Whatever the case, “Zombie Eaters” contains lyrics that could definitely apply to Joker’s relationship with Batman:

You’re everything, that’s why I cling to you…

I like to make a mess

I laugh at your distress

Mike Patton behaving rather Joker-esque

“Zombie Eaters” also features a cry of, “Nobody understands except the toys in my hands,” followed soon after with a demand of, “Give me! I need my toys!” These lines would never have struck me as relating to Joker a week ago, but once you start combing through Faith No More’s lyrics with Joker on the brain, everything seems to take on a new significance. (In “Digging the Grave”, Patton sings, “Let something in, throw something out / You left the door open wide,” while in The Dark Knight, Ledger tells Christian Bale’s Batman, “You changed things. Forever.”)

In the case of Patton singing “I need my toys,” I couldn’t help but be reminded of Jack Nicholson marveling aloud in 1989’s Batman, “Where does he get those wonderful toys?”

Also from “Zombie Eaters”:

If I smile, then you’ll smile

Then I’ll get mad for a while

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From genre-busting electronic music to new highs in the ever-evolving R&B scene, from hip-hop and Americana to rock and pop, 2017's music scenes bestowed an embarrassment of riches upon us.


60. White Hills - Stop Mute Defeat (Thrill Jockey)

White Hills epic '80s callback Stop Mute Defeat is a determined march against encroaching imperial darkness; their eyes boring into the shadows for danger but they're aware that blinding lights can kill and distort truth. From "Overlord's" dark stomp casting nets for totalitarian warnings to "Attack Mode", which roars in with the tribal certainty that we can survive the madness if we keep our wits, the record is a true and timely win for Dave W. and Ego Sensation. Martin Bisi and the poster band's mysterious but relevant cool make a great team and deliver one of their least psych yet most mind destroying records to date. Much like the first time you heard Joy Division or early Pigface, for example, you'll experience being startled at first before becoming addicted to the band's unique microcosm of dystopia that is simultaneously corrupting and seducing your ears. - Morgan Y. Evans

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Music

The Best Dance Tracks of 2017

Photo: Murielle Victorine Scherre (Courtesy of Big Beat Press)

From the "shamanic techno" of Parisian duo Pouvoir Magique to Stockholm Noir's brilliant string of darkly foreboding, electro-licked singles, here are ten selections that represent some of the more intriguing dance offerings of 2017.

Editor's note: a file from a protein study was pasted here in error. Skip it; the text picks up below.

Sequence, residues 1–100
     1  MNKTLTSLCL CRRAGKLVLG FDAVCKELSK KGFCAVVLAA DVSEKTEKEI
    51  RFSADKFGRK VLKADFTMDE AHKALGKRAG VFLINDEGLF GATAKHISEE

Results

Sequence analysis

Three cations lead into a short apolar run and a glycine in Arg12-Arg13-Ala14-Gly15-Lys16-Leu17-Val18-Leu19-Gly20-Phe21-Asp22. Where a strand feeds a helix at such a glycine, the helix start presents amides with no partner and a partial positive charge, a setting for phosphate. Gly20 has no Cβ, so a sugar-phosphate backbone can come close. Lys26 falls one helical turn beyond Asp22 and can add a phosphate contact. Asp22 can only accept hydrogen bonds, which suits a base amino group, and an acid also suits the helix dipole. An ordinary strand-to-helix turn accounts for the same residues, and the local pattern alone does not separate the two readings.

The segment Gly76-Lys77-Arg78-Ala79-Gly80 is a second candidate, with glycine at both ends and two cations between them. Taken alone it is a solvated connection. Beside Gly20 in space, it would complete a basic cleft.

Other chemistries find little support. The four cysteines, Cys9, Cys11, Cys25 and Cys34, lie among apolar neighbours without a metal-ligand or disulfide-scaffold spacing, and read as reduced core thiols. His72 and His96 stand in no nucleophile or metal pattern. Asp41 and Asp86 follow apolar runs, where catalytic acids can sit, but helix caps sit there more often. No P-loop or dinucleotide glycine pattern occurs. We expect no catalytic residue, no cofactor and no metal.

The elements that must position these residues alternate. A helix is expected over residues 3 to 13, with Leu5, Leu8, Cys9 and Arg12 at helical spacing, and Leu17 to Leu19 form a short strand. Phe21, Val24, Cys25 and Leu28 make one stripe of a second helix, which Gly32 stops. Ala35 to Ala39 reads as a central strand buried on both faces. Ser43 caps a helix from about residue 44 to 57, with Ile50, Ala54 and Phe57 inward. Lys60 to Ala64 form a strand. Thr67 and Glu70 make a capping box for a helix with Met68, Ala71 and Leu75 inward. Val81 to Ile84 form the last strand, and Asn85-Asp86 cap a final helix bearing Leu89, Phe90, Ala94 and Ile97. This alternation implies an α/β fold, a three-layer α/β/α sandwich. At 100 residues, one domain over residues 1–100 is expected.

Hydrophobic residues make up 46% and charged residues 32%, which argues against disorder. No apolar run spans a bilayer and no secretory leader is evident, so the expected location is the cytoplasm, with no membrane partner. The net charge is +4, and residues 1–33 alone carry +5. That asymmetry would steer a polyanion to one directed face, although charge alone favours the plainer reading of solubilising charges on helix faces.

In June of 2016, prolific producer Diplo lambasted the world of DJ's in an interview with Billboard, stating that EDM was dying. Coincidentally enough, the article's contents went viral and made their way into Vice Media's electronic music and culture channel Thump, which closed its doors after four years this summer amid company-wide layoffs. Months earlier, electronic music giant SFX Entertainment filed bankruptcy and reemerged as Lifestyle, Inc., shunning the term "EDM".

So here we are at the end of 2017, and the internet is still a flurry with articles declaring that Electronic Dance Music is rotting from the inside out and DJ culture is dying on the vine, devoured by corporate greed. That might all well be the case, but electronic music isn't disappearing into the night without a fight as witnessed by the endless parade of emerging artists on the scene, the rise of North America's first Electro Parade in Montréal, and the inaugural Electronic Music Awards in Los Angeles this past September.

For every insipid, automaton disc jockey-producer, there are innovative minds like Anna Lunoe, Four Tet, and the Black Madonna, whose eclectic, infectious sets display impeccable taste, a wealth of knowledge, and boundless creativity. Over the past few years, many underground artists have been thrust into the mainstream spotlight and lost the je ne sais quoi that made them unique. Regardless, there will always be new musicians, producers, singers, and visionaries to replace them, those who bring something novel to the table or tip a hat to their predecessors in a way that steps beyond homage and exhilarates as it did decades before.

As electronic music continues to evolve and its endless sub-genres continue to expand, so do fickle tastes, and preferences become more and more subjective with a seemingly endless list of artists to sift through. With so much music to digest, its no wonder that many artists remain under the radar. This list hopes to remedy that injustice and celebrate tracks both indie and mainstream. From the "shamanic techno" of Parisian duo Pouvoir Magique to Stockholm Noir's brilliant string of darkly foreboding, electro-licked singles, here are ten selections that represent some of the more intriguing dance offerings of 2017.

10. Moullinex - “Work It Out (feat. Fritz Helder)”

Taken from Portuguese producer, DJ, and multi-instrumentalist Luis Clara Gomes' third album Hypersex, "Work It Out" like all of its surrounding companions is a self-proclaimed, "collective love letter to club culture, and a celebration of love, inclusion and difference." Dance music has always seemingly been a safe haven for "misfits" standing on the edge of the mainstream, and while EDM manufactured sheen might have taken the piss out of the scene, Hypersex still revels in that defiant, yet warm and inviting attitude.